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Axle ratio: I Still have a question after reading A LOT of threads

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Axle ratio: I Still have a question after reading A LOT of threads

 
Old 05-12-2019, 09:11 AM
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Default Axle ratio: I Still have a question after reading A LOT of threads

I know what my door label and owners manual say that my truck can tow, but I have an anomaly. The chart shows for my 157" 5.0 a GVWR 7,350, a GCWR of 13,500 lbs, my max payload is 1,400 and I can safely tow 7,500 lbs.(under the 3.55 axle ratio). But I have the 3.73 ratio because of the Off-Road package. I have 10 ply tires, Hellwig helper springs, but I don't have the HD or max-trailer tow package. So. in reality what about could I safely(not legally) tow? I tow a travel trailer that is just at my sticker limit.
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Old 05-12-2019, 11:23 AM
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Get the axle code from the Federal Certification Label in the driver's door jamb. That's the sticker that includes GVWR, GAWRs, tire size and specs, and several codes, including "axle". Then look up your axke code in this list:
15 - 3.15 non-limited slip
19 - 3.55 non-limited slip
26 - 3.73 non-limited slip
27 - 3.31 non-limited slip
B6 - 3.73 limited slip
H9 - 3.55 limited slip
L3 - 3.31 electronic locking differential (ELD)
L4 - 4.10 ELD
L5 - 3.15 ELD
L6 - 3.73 ELD
L9 - 3.55 ELD

Then look in the Ford RV and Trailer Towing guide to determine the GCWR and tow rating of that axle ratio combined with the drivetrain in your F-150.

A 2019 157" 5.0 F-150 4x4 with the L6 axle and regular towing pkg is rated to tow 11,500 pounds max trailer weight with GCWR of 16,900 pound. 2017 was almost that much at 10,800 tow rating with GCWR of 16,200 pounds. You can download your copy of the towing guide from this link: https://www.fleet.ford.com/towing-guides/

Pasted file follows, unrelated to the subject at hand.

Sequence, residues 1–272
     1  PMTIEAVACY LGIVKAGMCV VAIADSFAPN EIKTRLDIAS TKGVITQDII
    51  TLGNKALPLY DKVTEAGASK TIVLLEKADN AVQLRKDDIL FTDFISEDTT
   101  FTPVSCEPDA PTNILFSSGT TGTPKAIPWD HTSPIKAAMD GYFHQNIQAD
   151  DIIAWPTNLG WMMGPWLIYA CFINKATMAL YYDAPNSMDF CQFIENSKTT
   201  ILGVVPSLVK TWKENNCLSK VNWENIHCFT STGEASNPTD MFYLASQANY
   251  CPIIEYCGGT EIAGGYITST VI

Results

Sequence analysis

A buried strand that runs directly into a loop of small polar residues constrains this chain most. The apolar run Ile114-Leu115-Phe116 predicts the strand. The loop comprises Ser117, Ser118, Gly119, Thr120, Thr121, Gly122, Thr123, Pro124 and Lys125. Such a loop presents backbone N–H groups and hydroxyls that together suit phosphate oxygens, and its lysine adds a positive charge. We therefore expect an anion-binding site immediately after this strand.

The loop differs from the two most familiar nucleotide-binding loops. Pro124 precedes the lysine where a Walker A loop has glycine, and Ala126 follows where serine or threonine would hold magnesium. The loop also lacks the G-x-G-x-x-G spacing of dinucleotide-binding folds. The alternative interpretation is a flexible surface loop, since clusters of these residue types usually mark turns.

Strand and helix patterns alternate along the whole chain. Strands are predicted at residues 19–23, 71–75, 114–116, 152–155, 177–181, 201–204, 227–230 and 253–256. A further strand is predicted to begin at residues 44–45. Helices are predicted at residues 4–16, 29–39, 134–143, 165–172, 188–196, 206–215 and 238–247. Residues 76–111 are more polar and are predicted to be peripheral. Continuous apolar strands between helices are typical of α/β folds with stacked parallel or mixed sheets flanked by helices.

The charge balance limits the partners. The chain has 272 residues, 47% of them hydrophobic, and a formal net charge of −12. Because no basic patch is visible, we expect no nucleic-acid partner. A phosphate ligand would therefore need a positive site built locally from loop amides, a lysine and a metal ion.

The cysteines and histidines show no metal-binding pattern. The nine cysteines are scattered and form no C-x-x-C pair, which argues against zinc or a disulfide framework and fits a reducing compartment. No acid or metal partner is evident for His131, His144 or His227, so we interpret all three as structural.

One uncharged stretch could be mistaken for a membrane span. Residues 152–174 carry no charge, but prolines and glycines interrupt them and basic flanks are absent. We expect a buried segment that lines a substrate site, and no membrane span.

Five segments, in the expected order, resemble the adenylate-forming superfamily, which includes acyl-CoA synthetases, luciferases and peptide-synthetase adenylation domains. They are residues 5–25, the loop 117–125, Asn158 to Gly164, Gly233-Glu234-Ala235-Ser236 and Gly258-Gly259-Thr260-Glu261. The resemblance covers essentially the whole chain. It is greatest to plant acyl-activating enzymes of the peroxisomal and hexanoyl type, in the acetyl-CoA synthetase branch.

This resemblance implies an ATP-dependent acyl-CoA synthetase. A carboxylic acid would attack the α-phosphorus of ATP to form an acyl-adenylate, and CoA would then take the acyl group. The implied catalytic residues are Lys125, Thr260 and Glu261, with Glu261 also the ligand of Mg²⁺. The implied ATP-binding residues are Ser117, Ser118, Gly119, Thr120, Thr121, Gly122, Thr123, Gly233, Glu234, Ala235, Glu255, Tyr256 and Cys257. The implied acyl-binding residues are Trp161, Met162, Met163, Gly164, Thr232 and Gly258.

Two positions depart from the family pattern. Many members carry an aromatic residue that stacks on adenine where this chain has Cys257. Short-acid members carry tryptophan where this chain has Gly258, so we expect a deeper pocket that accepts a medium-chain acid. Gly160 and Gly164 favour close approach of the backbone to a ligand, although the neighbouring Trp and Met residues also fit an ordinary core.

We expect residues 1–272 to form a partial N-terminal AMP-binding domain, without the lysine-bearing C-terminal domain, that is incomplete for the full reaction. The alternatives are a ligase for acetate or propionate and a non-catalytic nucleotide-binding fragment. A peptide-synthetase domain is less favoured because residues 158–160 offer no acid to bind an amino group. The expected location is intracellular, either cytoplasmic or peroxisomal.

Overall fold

Last edited by Martian; 05-13-2019 at 12:28 PM.
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Old 05-12-2019, 11:35 AM
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Thank you. The sticker shows L6. Which I referenced to 3.73. But the manual chart does not have a 5.0 Screw 157" w/ 3.73, it only shows w. 3.55.
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Old 05-12-2019, 11:57 AM
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There is much more to safe towing than just what the general guidelines and legal limits are from the stickers. Your ratios, which also include tire size, are mainly for pulling power, and the engine is part of that equation. But braking is where the safety factor really lies. On top of that is where you'll be towing. Colorado mountains are not the same as Oklahoma flat lands.

The sticker on the axle housing itself is the best way to be sure of what ratio you have. If you feel that the engine needs more leverage or more speed.

There's no magic calculation. If you have trouble stopping, you need better brakes. If you have trouble starting from a stop, you need a lower ratio (higher number). If you can't get up to speed with the ratio that lets you start from a stop easily, you probably need a bigger engine. Ford's towing charts are just a ball-park figure to start from.
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Old 05-12-2019, 12:00 PM
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Note I edited my earlier post to provide you with more info. In a nutshell, the GCWR and tow rating in your post ware probably understated.
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Old 05-12-2019, 12:28 PM